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Numeracy is a key skill necessary to allow each of us to make informed choices and decisions in all aspects of everyday life.

See it on Scoop.it, via oAnth's day by day interests - via its scoop.it contacts

Reposted from 02mysoup-aa

Codebreaker and mathematician Alan Turing's legacy comes to life in a Science Museum exhibition

A German Enigma coding machine on loan from Mick Jagger and a 1950 computer with less calculating power than a smartphone but which was once the fastest in the world, are among the star objects in a new exhibition at the Science Museum devoted to the short, brilliant life and tragic death of the scientist Alan Turing.

"We are in geek heaven," his nephew Sir John Turing said, surrounded by pieces of computing history which are sacred relics to Turing's admirers, including a computer-controlled tortoise that had enchanted the scientist when he saw it at the museum in the 1951 Festival of Britain. "This exhibition is a great tribute to a very remarkable man," Turing said.

"My father was in awe of him, the word genius was often used in speaking of him in the family," he said, "but he also spoke of his eccentricity, of how he cycled to work at Bletchley wearing a gas mask to control his hayfever so the local people he passed dreaded that a gas attack was imminent."

The exhibition, marking the centenary of Turing's birth, tackles both the traumatic personal life and the brilliant science of the man who was a key member of the codebreaking team at Bletchley Park, and devised the Turing Test which is still the measure of artificial intelligence.

Turing was gay, and in 1952 while working at Manchester University, where he had a relationship with a technician called Arnold Murray, he was arrested and charged with gross indecency. He escaped prison only by agreeing to chemical castration through a year's doses of oestrogen – which curator David Rooney said had a devastating effect on him, mentally and physically. In 1954 he was found dead in his bed, a half eaten apple on the table beside him, according to legend laced with the cyanide which killed him.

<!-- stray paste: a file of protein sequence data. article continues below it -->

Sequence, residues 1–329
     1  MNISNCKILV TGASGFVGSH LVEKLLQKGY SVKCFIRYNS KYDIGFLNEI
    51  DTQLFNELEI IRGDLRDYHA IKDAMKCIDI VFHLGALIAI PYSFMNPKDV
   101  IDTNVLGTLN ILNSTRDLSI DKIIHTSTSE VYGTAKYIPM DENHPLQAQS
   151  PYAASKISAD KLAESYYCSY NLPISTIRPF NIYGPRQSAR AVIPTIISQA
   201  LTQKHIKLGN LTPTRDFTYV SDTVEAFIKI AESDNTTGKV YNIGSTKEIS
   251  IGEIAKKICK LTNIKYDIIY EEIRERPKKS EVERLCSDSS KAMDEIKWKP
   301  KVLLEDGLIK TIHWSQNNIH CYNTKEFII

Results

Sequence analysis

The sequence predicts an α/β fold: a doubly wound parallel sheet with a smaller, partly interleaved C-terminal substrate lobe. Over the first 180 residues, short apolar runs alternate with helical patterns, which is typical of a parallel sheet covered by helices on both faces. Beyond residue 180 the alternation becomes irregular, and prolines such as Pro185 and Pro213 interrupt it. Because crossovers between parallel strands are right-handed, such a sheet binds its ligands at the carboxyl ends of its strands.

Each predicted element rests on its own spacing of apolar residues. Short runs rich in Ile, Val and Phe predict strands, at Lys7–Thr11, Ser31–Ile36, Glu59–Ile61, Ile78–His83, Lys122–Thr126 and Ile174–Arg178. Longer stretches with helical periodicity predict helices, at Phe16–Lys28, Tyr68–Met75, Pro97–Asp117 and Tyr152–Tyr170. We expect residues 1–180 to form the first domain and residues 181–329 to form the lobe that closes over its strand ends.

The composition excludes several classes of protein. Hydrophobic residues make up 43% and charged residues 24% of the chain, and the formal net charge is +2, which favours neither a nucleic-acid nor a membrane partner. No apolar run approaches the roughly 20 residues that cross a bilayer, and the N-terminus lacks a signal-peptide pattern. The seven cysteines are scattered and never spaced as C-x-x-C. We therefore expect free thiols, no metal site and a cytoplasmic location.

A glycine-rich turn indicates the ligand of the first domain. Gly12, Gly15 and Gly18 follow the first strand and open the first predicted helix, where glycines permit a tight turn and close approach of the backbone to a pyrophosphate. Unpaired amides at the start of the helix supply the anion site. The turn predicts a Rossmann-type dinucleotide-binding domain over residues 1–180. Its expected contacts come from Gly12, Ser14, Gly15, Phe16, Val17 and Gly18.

His mother insisted that his death was accidental, part of an experiment to silver plate a spoon – he had previously gold plated another piece of cutlery by stripping the gold from a pocket watch – with the chemicals found in a pot on the stove. However the coroner's report, also on display, is unequivocal: Turing had consumed the equivalent of a wine glass of poison and the form records bleakly "the brain smelled of bitter almonds".

The death is wreathed with conspiracy theories, but Rooney's explanation for the apple is pragmatic: not an obsession with the poisoned apple in the Disney film of Snow White, as some have claimed, but a very intelligent man who had it ready to bite into to counteract the appalling taste of the cyanide.

His nephew said both the prosecution and death were devastating for the family, but they were delighted by the formal public apology offered in 2009 by then prime minister Gordon Brown.

The campaign for a posthumous pardon is more problematic he said, speaking as a senior partner at the law firm Clifford Chance.

"So many people were condemned properly under the then law for offences which we now see entirely differently. One would not wish to think that Turing won a pardon merely because he is famous, that might be just a step too far. But the suggestion that there might be some reparation by having him appear on the back of a bank note – that might indeed be good."